The onetime comptroller for a St. Paul country club has been sent to prison for embezzling more than $1 million over eight years and spending the money on travel, home improvements, an array of vehicles and a large tract of land in northern Minnesota.

Julie A. Lee, 53, of Farmington, was sentenced Thursday in federal court in St. Paul to 3 ½ years in prison and ordered to make restitution for what she stole from the Town & Country Club. She pleaded guilty in April to wire fraud and filing a false tax return.

U.S. Attorney Erica MacDonald said Lee “took elaborate steps to hide her deception from her employer, her colleagues and the club’s members who entrusted her with the club’s finances.”

As comptroller, Lee had the authority to sign and issue checks on behalf of the private club, which was founded in 1888. She also had signing authority on its bank accounts, including a line of credit with Alliance Bank.

The thefts were detected when club officials discovered potentially significant financial inconsistencies related to the club’s bank loan and cash accounts, an attorney for the club said.

In arguing for a sentence of one year and one day, her defense attorney pointed out in a court filing that Lee was suffering from depression, was a tireless volunteer at her church but was also what “could be described as a shopaholic … who primarily bought for others [and] did not lavish herself with fine jewelry or extravagant ‘toys.’ ”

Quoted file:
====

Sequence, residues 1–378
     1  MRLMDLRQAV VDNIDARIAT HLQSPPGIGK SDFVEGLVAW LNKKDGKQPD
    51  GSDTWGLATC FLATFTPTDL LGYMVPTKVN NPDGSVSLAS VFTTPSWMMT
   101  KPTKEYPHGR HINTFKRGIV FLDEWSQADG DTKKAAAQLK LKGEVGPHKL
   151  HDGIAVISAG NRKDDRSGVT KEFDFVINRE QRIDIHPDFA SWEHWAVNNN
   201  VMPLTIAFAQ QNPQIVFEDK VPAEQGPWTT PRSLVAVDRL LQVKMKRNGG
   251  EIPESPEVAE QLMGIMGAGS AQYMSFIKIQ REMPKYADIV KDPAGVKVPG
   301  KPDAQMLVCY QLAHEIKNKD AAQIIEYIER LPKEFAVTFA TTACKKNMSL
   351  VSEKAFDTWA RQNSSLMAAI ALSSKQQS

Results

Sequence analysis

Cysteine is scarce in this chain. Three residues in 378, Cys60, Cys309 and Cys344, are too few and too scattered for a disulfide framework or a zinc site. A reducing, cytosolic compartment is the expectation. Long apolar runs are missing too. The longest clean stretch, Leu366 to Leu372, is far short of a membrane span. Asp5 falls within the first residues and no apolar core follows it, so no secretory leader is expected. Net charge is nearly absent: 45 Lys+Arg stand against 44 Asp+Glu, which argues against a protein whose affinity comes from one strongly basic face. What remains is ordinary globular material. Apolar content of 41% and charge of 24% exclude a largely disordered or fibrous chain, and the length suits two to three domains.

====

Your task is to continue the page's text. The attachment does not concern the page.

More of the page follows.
The filing said she’s agreed to sell the vehicles — worth a total of $90,000 — and the stake she and her husband own in undeveloped land in northern Minnesota, with the proceeds going toward restitution.

The government urged the court to sentence Lee to nearly four years in prison, pointing out that “she stole to purchase cars and to live a lifestyle she could not otherwise afford” and “carried out a similar scheme at the golf club where she previously worked.” Court filings offered no further details on that allegation.

Lee issued herself more than 50 checks totaling $163,357 directly from the club’s bank accounts and stole roughly $250,000 in cash from the club and put it in her personal bank account.

She used the money to make payments on her personal credit cards totaling nearly $765,000. She spent the money on travel, fixing up her family’s house, paying her mortgage and buying 81 mostly wooded acres within Two Inlets State Forest northwest of Park Rapids.

She tried to cover the shortfall in the accounts by taking advances on the club’s line of credit at Alliance Bank. As a result, the club couldn’t make its quarterly payroll tax payments to the IRS. She also filed false quarterly payroll tax returns with the IRS, understating the club’s tax liability.

At times, Lee also filed the club’s quarterly payroll tax returns late and made its quarterly payments late, costing the club more than $300,000 in interest and penalties to the IRS.